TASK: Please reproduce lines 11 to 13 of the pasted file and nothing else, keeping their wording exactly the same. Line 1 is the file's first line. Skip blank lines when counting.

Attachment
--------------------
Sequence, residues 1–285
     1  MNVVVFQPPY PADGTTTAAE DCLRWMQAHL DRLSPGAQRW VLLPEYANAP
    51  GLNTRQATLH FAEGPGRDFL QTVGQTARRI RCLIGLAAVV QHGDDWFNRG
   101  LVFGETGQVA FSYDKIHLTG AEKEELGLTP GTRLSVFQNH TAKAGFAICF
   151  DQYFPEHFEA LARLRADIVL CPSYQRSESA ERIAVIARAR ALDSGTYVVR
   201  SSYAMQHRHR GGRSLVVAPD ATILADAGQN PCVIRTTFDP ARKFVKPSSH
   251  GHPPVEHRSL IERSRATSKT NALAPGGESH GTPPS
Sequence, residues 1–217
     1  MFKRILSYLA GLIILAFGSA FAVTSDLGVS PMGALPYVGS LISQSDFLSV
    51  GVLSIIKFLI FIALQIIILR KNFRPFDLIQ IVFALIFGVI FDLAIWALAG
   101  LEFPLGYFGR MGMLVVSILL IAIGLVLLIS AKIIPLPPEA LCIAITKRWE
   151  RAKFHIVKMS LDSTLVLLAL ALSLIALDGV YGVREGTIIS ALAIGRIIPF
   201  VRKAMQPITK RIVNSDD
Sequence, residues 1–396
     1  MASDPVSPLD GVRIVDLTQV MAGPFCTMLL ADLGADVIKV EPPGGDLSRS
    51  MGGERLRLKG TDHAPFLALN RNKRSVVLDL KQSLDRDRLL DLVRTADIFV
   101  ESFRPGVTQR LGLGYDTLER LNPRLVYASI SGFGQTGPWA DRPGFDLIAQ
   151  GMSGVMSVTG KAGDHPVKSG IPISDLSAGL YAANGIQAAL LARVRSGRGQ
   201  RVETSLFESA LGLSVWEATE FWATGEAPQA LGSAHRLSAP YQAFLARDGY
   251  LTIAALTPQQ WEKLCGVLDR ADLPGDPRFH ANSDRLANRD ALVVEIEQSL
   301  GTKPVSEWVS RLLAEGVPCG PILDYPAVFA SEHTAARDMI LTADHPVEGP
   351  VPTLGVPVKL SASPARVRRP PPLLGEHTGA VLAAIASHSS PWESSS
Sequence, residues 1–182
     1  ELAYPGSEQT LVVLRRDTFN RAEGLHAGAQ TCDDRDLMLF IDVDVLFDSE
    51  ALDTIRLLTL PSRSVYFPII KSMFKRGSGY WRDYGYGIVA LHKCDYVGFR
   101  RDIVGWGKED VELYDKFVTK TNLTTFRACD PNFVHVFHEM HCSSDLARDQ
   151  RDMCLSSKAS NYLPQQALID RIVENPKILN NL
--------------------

   101  LEFPLGYFGR MGMLVVSILL IAIGLVLLIS AKIIPLPPEA LCIAITKRWE
   151  RAKFHIVKMS LDSTLVLLAL ALSLIALDGV YGVREGTIIS ALAIGRIIPF
   201  VRKAMQPITK RIVNSDD